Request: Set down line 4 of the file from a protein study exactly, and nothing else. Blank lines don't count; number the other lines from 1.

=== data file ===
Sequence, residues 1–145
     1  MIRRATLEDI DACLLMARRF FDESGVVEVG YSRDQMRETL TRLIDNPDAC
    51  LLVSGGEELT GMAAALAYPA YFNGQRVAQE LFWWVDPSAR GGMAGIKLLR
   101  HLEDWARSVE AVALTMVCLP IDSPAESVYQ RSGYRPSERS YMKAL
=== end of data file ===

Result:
   101  HLEDWARSVE AVALTMVCLP IDSPAESVYQ RSGYRPSERS YMKAL